• DH: One of the inspiring things about this is that it has inspired other people to do all kinds of things. Here in New York, parents have been interrupting meetings of Bloomberg’s school advisory board, to try to challenge the privatization, charter schools, and testing agenda. We’ve seen marches against police brutality in the city that were inspired by OWS. People have been doing these things for a long time, but really they got a jolt of energy from the Occupy movement. Unions have been showing some signs of life as a result of this. One of the things the movement is doing, even if the people sitting in Zuccotti Park and similar encampments around the country are not themselves making demands and forming organizations, it’s inspiring other people to do those things, perhaps in more specialized realms. It’s focused attention on these sorts of issues in ways that have been extremely inspiring and surprising. Some friends who live in my apartment building — who were not at all political people, though they’re personally wonderful — they’ve just been fascinated by this and can’t stop talking about it. There are some people who are involved in Parents for Occupy Wall Street, just regular folks who’ve gotten involved because they were disgusted with the status quo and were inspired to do something different. So one of the ways this is having such a good effect is it’s such a catalyst to think and act differently and ask a lot of questions. Even if the movement itself doesn’t make these demands, it’s really inspiring an awful lot of other people to think about a different world and making it happen.
  • It’s all rather fluid and I hope it doesn’t evaporate as fluids can sometimes do. But I’m not sure if the occupiers are the ones themselves who are going to coalesce into organizations and make demands. I was involved for a little while with the Demands Working Group of Occupy Wall Street. They even developed a demand for a large-scale jobs program and investment in infrastructure and a single-payer health plan. This is all wonderful stuff, and it was controversial with a lot of people around Occupy Wall Street because they didn’t like the idea of making demands for some reasons I find depressing, like: only terrorist make demands; by making demands of the state you’re legitimating the state; by talking about taxing and spending, you’re legitimating the money form. That’s not the position that I would take, but I could see that there were significant obstacles to getting the Occupy Wall Street itself to think that way. And also there are very opaque mechanisms of governance. Despite all the claims of horizontality and consensus, there also seems to be a little cabal of insiders running a lot of this stuff. None of that is very explicit or transparent. But I think what it’s done is energize a whole new way of thinking and acting. It’s been very impressive to see the way the mainstream has had to respond to it. It’s really changed the political conversation very dramatically in less than two months. I think that’s where the energy is and I don’t know if the occupiers themselves are going to be the ones making these demands.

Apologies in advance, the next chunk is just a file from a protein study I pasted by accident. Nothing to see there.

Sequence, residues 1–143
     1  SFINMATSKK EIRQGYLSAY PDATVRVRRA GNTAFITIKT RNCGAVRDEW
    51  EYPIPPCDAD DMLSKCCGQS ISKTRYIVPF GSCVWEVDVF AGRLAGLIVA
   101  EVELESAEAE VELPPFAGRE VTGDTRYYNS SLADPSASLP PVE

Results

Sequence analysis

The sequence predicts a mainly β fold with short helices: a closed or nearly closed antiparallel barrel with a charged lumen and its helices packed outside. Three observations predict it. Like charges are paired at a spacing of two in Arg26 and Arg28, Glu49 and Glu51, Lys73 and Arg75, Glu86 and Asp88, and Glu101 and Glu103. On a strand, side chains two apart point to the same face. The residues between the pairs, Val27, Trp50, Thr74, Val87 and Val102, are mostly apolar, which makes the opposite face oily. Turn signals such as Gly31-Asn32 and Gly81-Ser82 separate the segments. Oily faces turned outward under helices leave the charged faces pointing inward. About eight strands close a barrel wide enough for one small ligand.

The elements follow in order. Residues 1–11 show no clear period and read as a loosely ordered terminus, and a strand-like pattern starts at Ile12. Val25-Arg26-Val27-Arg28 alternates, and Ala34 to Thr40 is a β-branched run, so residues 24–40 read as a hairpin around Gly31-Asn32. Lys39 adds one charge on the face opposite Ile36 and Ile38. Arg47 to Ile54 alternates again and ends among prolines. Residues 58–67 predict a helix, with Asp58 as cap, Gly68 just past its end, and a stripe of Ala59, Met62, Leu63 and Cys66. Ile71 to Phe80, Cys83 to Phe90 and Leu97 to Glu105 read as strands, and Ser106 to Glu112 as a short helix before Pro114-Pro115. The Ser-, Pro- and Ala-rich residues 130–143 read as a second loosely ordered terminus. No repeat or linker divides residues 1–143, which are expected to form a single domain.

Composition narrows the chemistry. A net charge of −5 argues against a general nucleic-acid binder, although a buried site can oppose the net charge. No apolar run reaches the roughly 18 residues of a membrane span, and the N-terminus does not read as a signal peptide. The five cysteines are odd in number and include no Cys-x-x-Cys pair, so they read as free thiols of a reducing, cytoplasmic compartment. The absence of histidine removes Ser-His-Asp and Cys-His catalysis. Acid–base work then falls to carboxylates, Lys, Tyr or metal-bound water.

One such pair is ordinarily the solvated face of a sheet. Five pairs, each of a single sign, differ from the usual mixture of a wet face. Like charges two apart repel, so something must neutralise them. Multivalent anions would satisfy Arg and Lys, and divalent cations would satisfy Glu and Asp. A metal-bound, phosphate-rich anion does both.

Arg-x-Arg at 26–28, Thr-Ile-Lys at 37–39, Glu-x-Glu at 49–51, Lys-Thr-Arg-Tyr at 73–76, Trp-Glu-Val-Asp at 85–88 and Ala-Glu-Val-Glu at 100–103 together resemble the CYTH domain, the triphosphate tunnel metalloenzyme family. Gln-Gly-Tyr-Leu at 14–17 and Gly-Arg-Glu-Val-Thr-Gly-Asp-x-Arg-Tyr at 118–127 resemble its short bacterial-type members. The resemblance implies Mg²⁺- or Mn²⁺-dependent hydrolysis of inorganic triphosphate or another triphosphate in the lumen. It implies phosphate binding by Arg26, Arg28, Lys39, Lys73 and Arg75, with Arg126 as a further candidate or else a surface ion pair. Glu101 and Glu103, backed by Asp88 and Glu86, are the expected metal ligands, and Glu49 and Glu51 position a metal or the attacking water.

(full long interview text).

(Doug Henwood edits Left Business Observer, a newsletter he founded in 1986. He also hosts Behind the News, a weekly radio show covering economics and politics on KPFA, Berkeley, which is rebroadcast on several other stations across the US and has a worldwide audience via its Internet archive. He is the author of three books: The State of the USA Atlas (1994), Wall Street (1997), now available for free download here, and After the New Economy (2004). He’s at work on a study of the American ruling class, whoever that might be. Sasha Lilley is a writer and radio broadcaster. She hosts the critically acclaimed program of radical ideas Against the Grain, and is series editor of PM Press‘ political economy imprint, Spectre. She is the author of Capital and Its Discontents and co-author of the forthcoming book Catastrophism: The Apocalyptic Politics of Collapse and Rebirth. This interview was conducted in mid-November 2011).